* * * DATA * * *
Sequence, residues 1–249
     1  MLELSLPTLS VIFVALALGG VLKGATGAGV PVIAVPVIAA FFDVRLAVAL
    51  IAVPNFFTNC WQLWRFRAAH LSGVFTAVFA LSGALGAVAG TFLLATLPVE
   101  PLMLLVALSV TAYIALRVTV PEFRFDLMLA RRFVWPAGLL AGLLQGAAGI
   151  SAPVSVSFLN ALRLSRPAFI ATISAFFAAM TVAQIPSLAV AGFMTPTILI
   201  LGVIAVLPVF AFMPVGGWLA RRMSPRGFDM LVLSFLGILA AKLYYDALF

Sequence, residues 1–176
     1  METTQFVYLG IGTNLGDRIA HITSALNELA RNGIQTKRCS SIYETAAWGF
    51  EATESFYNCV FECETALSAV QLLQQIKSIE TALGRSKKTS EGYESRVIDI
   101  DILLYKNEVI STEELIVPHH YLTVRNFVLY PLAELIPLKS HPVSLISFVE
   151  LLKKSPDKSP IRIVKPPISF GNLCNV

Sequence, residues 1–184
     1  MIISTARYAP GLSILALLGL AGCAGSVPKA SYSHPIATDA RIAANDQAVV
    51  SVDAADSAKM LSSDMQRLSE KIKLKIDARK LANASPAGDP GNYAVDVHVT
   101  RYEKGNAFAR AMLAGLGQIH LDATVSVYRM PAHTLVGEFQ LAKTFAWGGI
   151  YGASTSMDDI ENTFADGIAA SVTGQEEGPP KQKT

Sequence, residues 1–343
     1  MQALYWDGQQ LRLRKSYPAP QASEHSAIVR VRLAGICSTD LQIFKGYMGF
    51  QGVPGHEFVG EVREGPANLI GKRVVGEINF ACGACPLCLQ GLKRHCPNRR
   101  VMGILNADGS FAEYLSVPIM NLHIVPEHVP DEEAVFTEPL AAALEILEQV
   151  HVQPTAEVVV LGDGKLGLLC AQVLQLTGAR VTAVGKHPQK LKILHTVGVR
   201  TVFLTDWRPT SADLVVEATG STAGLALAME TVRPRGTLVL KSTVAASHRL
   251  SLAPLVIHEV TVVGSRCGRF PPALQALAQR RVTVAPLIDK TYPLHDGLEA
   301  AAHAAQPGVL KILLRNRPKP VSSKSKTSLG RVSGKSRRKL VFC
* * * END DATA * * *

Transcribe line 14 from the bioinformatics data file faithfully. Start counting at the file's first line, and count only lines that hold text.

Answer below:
    51  SVDAADSAKM LSSDMQRLSE KIKLKIDARK LANASPAGDP GNYAVDVHVT